While oriented toward science and technology centers and museums, this Web site is particularly notable for containing references on how to find advisors knowledgeable about disabilities and how to write an accessibility plan.

Making Theatre Accessible: A Guide to Audio Description in the Performing Arts
The guide’s contents include a brief history of audio description; rationales for audio-describing theatre from the perspectives of a member of the blindness community, an audio describer, a theatre producer, and a regional theatre education and outreach director; outreach initiatives for audio description education; a step-by-step audio description program plan; appendices, including information resources, signage, and a sample describer’s contract; and a glossary of terms.

Audio Description International
ADI is specifically oriented towards the subject of audio description and its Web site includes information on technology, service providers, trends, and more.

Disability Access Symbols
This site is an excellent resource for obtaining free standardized graphic symbols for publicity and advertising, both on the Web and in print.

Sign Language “Shadow Interpreting” Onstage
The TerpTheatre Web site explains the idea of using sign language interpreters onstage with actors.

VSA arts
With a mission of creating a society where all people with disabilities learn through, participate in, and enjoy the arts, VSA arts both showcases accomplishments of disabled artists and offers education programs to increase disability awareness.

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Regional Resources

Southeast ADA Center
The Southeast ADA Center, located within the Center for Assistive Technology and Environmental Access at the Georgia Institute of Technology in Atlanta, serves as the regional center for an accessibility network of state and local partners from eight Southeast states, including North Carolina. The Southeast ADA Center offers five core services to promote awareness about the Americans with Disabilities Act, accessible information technology, and the rights and abilities of people with disabilities:

  • Technical assistance
  • Training
  • Dissemination of information materials
  • Referrals
  • Public awareness activities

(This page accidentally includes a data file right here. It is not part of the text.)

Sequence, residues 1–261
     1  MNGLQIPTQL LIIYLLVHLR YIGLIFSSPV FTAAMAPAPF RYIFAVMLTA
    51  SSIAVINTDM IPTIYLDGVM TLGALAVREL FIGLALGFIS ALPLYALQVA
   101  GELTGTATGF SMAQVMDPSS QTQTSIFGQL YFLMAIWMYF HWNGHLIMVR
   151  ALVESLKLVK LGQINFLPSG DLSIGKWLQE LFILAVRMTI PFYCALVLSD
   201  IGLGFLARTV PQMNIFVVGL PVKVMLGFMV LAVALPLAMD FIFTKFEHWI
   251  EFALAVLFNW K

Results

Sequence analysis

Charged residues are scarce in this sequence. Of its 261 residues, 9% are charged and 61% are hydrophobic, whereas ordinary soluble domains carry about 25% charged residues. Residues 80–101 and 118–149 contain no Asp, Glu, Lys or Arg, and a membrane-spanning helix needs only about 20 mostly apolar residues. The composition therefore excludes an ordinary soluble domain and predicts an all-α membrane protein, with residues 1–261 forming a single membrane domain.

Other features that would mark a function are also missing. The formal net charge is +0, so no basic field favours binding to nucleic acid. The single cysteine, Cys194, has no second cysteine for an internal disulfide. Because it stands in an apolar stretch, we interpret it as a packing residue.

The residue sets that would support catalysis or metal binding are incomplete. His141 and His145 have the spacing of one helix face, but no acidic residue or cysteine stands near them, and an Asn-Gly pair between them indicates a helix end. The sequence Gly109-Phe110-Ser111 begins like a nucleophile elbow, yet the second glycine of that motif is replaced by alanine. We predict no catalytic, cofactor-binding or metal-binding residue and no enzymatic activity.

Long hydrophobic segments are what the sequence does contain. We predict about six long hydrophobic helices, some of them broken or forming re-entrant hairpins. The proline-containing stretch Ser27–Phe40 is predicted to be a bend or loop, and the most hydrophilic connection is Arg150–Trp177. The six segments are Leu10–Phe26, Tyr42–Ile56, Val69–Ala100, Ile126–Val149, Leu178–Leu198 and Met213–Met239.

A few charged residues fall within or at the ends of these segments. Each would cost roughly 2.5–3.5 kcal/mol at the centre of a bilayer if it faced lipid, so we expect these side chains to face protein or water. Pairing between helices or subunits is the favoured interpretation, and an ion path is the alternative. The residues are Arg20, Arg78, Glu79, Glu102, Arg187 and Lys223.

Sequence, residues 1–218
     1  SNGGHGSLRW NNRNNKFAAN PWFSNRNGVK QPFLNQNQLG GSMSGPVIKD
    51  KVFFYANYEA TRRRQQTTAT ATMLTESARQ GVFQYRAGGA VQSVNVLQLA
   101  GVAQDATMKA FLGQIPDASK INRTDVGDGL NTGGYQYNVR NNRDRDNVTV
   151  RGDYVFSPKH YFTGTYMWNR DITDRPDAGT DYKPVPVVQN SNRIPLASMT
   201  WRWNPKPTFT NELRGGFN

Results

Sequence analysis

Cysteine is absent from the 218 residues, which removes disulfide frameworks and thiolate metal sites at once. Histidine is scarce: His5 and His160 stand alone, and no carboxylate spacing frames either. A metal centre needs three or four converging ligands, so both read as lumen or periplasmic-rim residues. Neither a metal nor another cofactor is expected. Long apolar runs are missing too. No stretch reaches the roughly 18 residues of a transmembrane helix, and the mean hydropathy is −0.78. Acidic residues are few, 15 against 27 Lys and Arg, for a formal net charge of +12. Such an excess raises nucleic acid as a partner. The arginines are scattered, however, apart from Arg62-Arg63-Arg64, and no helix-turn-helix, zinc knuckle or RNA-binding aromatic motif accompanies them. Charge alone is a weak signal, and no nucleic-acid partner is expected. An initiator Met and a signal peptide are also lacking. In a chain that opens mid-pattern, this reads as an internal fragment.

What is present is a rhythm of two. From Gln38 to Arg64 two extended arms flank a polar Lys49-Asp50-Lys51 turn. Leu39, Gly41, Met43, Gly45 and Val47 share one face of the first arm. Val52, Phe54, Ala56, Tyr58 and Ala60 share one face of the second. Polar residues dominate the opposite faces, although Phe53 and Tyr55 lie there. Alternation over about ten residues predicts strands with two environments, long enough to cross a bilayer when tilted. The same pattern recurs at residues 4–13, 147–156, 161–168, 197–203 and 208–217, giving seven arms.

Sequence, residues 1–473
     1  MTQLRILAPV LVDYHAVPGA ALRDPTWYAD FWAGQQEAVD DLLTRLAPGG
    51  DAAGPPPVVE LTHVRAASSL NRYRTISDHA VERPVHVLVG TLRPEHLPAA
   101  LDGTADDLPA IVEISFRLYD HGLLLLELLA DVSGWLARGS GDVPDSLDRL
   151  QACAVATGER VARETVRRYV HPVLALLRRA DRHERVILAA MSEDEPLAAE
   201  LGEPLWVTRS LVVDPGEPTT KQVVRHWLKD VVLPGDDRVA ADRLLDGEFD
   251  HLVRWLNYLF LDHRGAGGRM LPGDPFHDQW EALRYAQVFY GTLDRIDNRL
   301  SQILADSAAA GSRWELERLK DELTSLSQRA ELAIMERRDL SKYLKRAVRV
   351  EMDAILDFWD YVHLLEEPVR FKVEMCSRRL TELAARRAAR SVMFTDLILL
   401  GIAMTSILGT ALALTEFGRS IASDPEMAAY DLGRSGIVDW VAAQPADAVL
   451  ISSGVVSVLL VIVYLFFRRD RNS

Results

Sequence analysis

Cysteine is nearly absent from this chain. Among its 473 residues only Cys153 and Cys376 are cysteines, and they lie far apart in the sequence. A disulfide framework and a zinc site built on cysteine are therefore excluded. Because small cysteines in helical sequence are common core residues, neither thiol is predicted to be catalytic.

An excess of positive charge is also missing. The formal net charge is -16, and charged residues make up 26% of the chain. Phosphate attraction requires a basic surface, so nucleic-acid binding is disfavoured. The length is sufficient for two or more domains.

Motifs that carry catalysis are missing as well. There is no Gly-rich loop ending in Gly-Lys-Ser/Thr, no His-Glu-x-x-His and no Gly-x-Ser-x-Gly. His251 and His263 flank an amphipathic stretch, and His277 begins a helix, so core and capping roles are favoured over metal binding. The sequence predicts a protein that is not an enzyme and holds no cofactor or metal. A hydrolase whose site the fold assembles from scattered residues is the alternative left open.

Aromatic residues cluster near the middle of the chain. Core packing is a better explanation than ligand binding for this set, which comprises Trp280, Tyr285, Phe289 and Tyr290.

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North Carolina Resources

Alliance of Disability Advocates
While oriented primarily toward services for individuals, this Raleigh-based organization is the state’s expert on the Americans with Disabilities Act.

Arts Access, Inc
A Raleigh-based organization whose mission is “making the arts accessible to people with disabilities.” Services include audio description, information, referrals, and an extensive Web site.

Center for Universal Design
Based at NC State University in Raleigh, the Center’s mission is to “improve environments and products through design innovation, research, education and design assistance.” See in particular its Principles of Universal Design.

Division of Services for the Deaf and Hard of Hearing
The Division of Services for the Deaf and the Hard of Hearing, part of the N.C. Department of Health and Hard of Hearing, offers a website that contains an online directory of licensed sign language interpreters available throughout the state, guidance on how to select an interpreter with the appropriate qualifications, general guidelines for coordinating interpreter services, and a list of agency resources by region.

Guidelines for Audio Describing Meetings and Presentations
This PDF document by Elizabeth Kahn offers guidelines for both presenters and organizations on how to handle the needs of visually-impaired members of your meeting audience.

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Professional Services

Audio Description Associates
This firm offers a full range of audio description services, including helping arts organizations build AD programs. Examples are provided on the Web site.

Bridge Multimedia
Based in New York City, Bridge Multimedia is “dedicated to supporting all facets of universally accessible media.”

DASI: Descriptive Audio for the Sight Impaired of Western North Carolina
DASI provides Audio Description services in theaters throughout Western North Carolina free of charge. 

Media Access Group at WGBH
Arguably no one knows more about captioning and video description than the staff at the Media Access Group—the people who invented captioning and do the vast majority of professional audio description in the USA.